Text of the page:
In many ways, Canadian rock trio Rush’s 1976 concept LP, 2112, functions as their autobiography. Among the grooves on the high-concept album, the band illustrates their position as provocateurs trying to maintain their passion and integrity. Highly symbolic, the side-long title track represents the band’s struggle with the need to be successful and accepted in their early rise to international prog-rock notoriety.

One of the world’s biggest cult bands

Rush 2112Rush began with vocalist/bassist Geddy Lee and guitarist Alex Lifeson, two childhood friends who formed the band as teenagers with then-drummer John Rutsey in the Toronto suburb of Willowdale. Playing a small circuit of high school dances, they faced disinterest from the start when they refused to play covers or dance music.

“We probably bummed out a lot of people in their high school memories,” Geddy Lee said.

Steadfastly set on musical careers, they quit high school and released their self-titled debut on their own label, Moon Records, in 1974.

The album often generated the derisive comment that Rush were a “Canadian Led Zeppelin,” but a Cleveland radio station, WMMS, spun the record and it generated interest in the States. The band then signed with Mercury Records who re-released Rush. Soon after, Rutsey left the band to be replaced by St. Catharines, Ontario, native Neil Peart.

Lee and Lifesong quickly realized that the well-read Peart had a knack for writing lyrics and he became the band’s principal lyricist. This division of labor created new intricacies in what essentially became their staple fare: longer songs divided into movements and strong progressive leanings with multiple time-signature changes. It was definitely not the type of songs that would guarantee hit records.

The first record with Peart, 1975’s Fly By Night, carried some of the band’s classic songs, particularly the lengthy “By-Tor and the Snowdog.” But at the time it alienated many fans who had fallen in love with the hard-rock, bluesy feel of their debut, most notably their record label.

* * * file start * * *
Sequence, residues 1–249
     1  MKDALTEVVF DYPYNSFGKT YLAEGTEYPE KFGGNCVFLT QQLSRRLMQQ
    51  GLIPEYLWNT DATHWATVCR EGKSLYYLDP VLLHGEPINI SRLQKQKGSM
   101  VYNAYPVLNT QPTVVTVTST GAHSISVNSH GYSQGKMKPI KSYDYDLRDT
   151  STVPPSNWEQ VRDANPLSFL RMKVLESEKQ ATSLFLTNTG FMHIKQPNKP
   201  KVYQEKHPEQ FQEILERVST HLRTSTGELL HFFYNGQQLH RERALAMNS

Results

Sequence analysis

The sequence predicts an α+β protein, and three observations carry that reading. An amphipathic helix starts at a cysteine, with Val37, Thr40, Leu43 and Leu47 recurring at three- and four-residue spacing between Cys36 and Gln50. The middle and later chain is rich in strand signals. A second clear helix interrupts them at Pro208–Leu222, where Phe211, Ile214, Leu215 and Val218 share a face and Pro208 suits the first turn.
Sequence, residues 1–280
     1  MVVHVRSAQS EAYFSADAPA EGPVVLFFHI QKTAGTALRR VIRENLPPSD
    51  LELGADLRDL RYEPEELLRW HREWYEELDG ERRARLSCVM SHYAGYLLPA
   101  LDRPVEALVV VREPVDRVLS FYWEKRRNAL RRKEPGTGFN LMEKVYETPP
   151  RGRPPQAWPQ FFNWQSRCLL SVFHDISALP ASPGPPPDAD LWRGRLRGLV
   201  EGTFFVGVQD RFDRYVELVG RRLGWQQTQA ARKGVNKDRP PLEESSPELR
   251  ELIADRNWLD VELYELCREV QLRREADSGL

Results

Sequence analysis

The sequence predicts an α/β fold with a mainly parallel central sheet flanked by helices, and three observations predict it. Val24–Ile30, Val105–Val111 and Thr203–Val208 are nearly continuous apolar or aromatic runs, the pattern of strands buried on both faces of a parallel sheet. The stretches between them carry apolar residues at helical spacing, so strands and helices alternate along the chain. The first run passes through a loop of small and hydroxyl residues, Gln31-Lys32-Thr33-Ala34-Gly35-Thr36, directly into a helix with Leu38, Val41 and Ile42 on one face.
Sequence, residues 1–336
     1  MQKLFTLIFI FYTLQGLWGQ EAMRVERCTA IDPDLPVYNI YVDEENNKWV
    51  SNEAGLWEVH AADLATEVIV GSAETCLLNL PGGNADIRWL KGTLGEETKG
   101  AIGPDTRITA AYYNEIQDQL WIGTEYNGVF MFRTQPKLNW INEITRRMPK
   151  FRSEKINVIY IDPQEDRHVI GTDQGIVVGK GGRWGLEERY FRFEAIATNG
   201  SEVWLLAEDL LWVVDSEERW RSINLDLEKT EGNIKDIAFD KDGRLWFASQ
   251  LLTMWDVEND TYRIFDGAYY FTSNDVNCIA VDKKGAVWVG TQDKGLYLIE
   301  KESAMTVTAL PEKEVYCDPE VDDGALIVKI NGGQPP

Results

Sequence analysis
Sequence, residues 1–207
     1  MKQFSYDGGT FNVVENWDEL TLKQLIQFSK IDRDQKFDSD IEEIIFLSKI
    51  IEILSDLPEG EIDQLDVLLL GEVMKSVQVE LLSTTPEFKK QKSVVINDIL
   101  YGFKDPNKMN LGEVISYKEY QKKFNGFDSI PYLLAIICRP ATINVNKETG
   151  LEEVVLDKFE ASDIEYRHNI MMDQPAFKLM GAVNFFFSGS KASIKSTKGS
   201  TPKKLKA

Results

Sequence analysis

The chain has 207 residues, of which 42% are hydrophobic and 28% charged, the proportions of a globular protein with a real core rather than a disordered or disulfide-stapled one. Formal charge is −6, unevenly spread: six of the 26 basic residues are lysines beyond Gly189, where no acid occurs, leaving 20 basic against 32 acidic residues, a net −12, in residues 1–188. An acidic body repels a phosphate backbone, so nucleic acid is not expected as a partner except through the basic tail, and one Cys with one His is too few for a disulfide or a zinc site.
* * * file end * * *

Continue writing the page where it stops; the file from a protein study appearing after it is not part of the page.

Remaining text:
Critics were often brutal, describing Rush as “wanking,” calling out Lee’s “shrill” vocals, or characterizing the music as “meandering drivel”

Later that year Rush released Caress of Steel, an even bigger head-scratcher. Containing only five songs, with the baffling “Fountains of Lamneth” taking up the entire second side, the record dug its own hole, resulting in even fewer copies sold than its predecessor.

The subsequent “Down the Tubes” tour, as the band called it, drew even smaller crowds, and Rush began to rightfully fear being dropped by their label.

Not surprisingly there was no room on radio for 25-minute songs, and Rush never made inroads with the music press. In fact, the critics were often brutal, describing them as “wanking,” calling out Lee’s “shrill” vocals, or characterizing the music as “meandering drivel.” With the label in a panic, Rush came under pressure to deliver more hit-worthy material.

The band soldiered on, and in a defiant move, released 2112.

Rush on tourAgain composing a side-long piece, the 20-minute title track is broken down into seven parts. Utilizing keyboards to give the impression of moving through time and space, the song takes so many twists and turns in the first three minutes, that it evokes a cinematic feel as the story unfolds.

Fortunately, for the band, the record struck a chord with Rush’s audience for its futuristic subject matter and cerebral Objectivist  philosophy and 2112 managedtofind an audience through word of mouth.

“It was an album that contained a great amount of frustration and anger. We had kept our integrity and everything, and it wasn’t panning out for us.” Peart said. “This album contained all that rejection and our determination and it came through in the music. That’s why a lot of people responded to that album because it was so direct and impassioned.”

The lyrics are credited to Neil Peart with acknowledgement to author Ayn Rand, whose book Anthem is said to have inspired 2112’s story.

The story describes the struggle of a man who lives in a future time where the galaxy is ruled by the “Red Star Solar Federation.” He learns to play music but is forced to go into hiding. Though he eventually commits suicide, it’s not before inspiring an interplanetary battle that results in independance and a takeover of the federation. The song climaxes with cacophony and a radio voice proclaiming “We have assumed control!”   

The song and other tracks from the record would hold a place in Rush’s setlist for years to come, continuing to inspire the evolution of the band whose career would take many sonic twists and turns over their four-decade career.

With its futuristic outlook, the record stands the test of time and functions as a hallmark for what Lee describes as “one of the world’s biggest cult bands.”

“It all came together with 2112,” he said. “That’s when I think the record company and our management was thinking, ‘We don’t really know what they’re doing, but it seems to be working so we’ll just leave them alone’.”

It the war against mainstream mediocrity, Rush proved to be the winner, assuming control at the mantle as prog rock progenitors.